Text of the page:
It’s all been done before in the horror genre. It is when filmmakers take the various horror tropes and apply their own personal fingerprint, that I am truly impressed. This is the case with Patrik Syversen’s 2010 film, Prowl.
Amber is an 18-year-old girl who is sick of her small town and everything in it, including her alcoholic mother. The only thing standing in her way of freedom and a new start is a ride to Chicago. After gathering her friends and the ride she needed, their car breaks down, leaving them no choice but to hitch a ride with a random passer-by. What starts out as a fun road trip quickly turns into a fight for their lives, as the friends find out exactly where they’ve been taken.
We all know there is an overabundance of horror flicks that use the same old cliché of having a sexy, all teen cast. There aren’t many, however, that actually make you care for the characters. This is different with Syversen’s Prowl. The characters aren’t your typical ditzy teens, but are instead funny and entertaining and in the short time I got to know them onscreen, I found myself truly caring about what happened to them.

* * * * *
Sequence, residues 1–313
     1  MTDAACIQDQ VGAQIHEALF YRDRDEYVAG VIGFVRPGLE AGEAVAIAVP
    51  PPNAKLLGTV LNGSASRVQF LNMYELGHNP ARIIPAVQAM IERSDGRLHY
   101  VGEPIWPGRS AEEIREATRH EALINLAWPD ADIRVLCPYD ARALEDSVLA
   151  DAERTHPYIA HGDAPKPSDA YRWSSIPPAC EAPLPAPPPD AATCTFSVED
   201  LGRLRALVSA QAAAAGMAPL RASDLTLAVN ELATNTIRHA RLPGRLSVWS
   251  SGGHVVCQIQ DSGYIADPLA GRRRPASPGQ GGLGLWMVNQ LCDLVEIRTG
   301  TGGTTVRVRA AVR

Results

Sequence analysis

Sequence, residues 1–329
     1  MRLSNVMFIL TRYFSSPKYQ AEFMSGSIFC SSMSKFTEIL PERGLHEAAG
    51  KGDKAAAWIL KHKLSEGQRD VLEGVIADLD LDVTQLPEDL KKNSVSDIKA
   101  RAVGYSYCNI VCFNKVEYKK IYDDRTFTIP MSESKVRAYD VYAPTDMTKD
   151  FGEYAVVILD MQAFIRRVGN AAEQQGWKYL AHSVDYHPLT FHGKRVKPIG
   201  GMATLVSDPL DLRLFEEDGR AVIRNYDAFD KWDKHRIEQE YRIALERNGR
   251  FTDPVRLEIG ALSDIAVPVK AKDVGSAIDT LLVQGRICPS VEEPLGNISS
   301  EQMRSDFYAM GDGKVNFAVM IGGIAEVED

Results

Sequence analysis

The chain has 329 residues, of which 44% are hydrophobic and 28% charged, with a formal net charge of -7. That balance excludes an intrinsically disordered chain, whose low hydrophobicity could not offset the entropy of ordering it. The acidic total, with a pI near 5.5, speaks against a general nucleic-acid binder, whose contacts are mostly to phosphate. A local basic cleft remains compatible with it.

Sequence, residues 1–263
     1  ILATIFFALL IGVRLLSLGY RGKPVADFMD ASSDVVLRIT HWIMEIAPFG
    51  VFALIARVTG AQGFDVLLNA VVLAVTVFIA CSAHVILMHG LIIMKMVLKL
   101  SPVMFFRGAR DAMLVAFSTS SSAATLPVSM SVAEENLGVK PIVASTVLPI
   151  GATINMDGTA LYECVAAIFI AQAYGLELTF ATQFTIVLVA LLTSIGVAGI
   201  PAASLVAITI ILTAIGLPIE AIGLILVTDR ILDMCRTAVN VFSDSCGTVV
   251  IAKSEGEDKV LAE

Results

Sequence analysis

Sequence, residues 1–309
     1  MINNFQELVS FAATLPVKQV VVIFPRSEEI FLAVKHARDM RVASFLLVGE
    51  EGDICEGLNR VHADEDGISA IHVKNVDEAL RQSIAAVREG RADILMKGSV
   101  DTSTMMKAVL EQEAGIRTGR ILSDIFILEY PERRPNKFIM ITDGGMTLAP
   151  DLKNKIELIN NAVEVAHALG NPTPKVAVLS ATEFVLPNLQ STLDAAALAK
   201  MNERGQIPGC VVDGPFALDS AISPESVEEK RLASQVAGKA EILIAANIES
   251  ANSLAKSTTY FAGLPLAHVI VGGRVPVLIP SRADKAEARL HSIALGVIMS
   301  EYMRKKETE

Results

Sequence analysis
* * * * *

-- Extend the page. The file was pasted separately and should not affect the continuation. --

The cast is full of a bunch of unknown actors and I wouldn’t want it any other way. Each performer brought their own unique personality to their character, lending a huge hand in making the film as enjoyable as it is. Sure, we’ve seen the stoners, free spirits, and jocks before, but those stereotypical characters work for a reason and still do so even in Prowl’s bizarre world.
In addition to making this beautiful cast of youngsters work to his advantage, the director and his team also manage to take the overly popular vampire subgenre and shake things up a bit. Never have we seen a vampire film like this and it still amazes me that this can be said almost 200 years after the first literary appearance of a vampire, in John William Polidori’s 1819 novella, The Vampyre.
The ending of this film may not be for everyone, but I still strongly recommend this movie to anyone who is a fan of the vampire subgenre and/or supports independent horror. There is a good amount of blood and gore, impressive special effects, and an original story for you to enjoy… what more could you ask for?
I give this film 3.5 switchblades out of 5.